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Egmont Foundation Study: Communication Courses Cure Ailing Love

Every third child is a victim of divorce. But there is help to get in communication courses if you want to save the relationship, according to a new study made by Danish National Centre for Social Research (SFI) ​​for the Egmont Foundation.

  • Photo: Steen Brogaard

    Photo: Steen Brogaard

In the report SFI examines international studies of 13 so-called program-based interventions for couples whose relationships are strained or in danger of breaking. Out of the 13 programs three have positive effects on the relationship, the report shows. These three programs focus on the couple's communication.

- We are pleased to see evidence that there are methods that work and which are even offered in Denmark, says director of the Egmont Foundation, Henriette Christiansen.

It is the most well-documented of the programs, the Prevention Relationship Enhancement Program (PREP), which is offered in Denmark. This program is about listening to and respecting each other's needs.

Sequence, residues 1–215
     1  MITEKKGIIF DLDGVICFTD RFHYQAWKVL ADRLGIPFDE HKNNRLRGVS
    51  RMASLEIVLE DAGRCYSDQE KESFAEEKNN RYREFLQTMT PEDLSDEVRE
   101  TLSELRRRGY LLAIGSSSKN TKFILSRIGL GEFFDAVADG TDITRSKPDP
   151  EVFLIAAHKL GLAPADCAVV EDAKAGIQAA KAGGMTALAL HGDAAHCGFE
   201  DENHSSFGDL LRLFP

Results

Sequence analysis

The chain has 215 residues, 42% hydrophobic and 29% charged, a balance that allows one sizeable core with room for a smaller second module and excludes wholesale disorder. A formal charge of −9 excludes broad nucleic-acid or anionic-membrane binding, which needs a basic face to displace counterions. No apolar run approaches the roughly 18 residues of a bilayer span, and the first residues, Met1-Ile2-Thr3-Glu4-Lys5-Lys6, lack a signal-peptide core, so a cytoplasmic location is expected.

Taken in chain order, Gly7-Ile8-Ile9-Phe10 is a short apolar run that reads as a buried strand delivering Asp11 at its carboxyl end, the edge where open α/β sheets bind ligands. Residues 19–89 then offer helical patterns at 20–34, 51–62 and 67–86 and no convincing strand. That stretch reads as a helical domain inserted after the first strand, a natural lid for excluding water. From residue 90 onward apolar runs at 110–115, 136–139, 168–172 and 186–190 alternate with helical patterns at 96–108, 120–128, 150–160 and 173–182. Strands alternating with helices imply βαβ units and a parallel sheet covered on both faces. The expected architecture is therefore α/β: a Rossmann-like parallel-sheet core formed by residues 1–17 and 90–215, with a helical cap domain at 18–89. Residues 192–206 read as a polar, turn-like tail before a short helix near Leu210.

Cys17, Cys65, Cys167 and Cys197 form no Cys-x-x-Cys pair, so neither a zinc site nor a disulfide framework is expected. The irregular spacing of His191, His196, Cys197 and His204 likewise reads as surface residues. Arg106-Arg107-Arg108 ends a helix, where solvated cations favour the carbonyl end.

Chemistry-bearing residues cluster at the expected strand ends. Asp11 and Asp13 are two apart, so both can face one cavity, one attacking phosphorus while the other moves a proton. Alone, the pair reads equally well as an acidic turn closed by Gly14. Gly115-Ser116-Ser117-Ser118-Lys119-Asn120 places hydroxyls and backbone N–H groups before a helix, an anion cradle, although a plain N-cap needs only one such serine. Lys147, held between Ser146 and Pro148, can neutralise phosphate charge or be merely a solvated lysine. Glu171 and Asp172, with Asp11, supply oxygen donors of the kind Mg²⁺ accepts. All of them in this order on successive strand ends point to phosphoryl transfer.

Divorces are crises of life for children

In 2013 there were a total of 18,858 registered divorces between two people of the opposite sex in Denmark. It is 3149 more than in 2012. But when the relationship starts falling apart, it does not only affect the couple involved. 

- We find that divorce is an overlooked life crisis for children. And it is a lot of children – in fact, one in three – that are affected by it. Therefore it is crucial to find out whether it is possible to prevent such collapses that lead to divorce, says Henriette Christiansen.

She welcomes the results. 

- The Egmont Foundation work for a good life for children and young people. With studies like this we wish to help children cope with the life crises they encounter. It is positive that we now know what tools can help to avoid split-ups. 

Many Danish municipalities also offers couple counselling, and Henriette Christiansen believes that the findings also contributes positively in this area.

- It can help ensure the quality of the offers and direct public funding to where we know it has an effect, she says.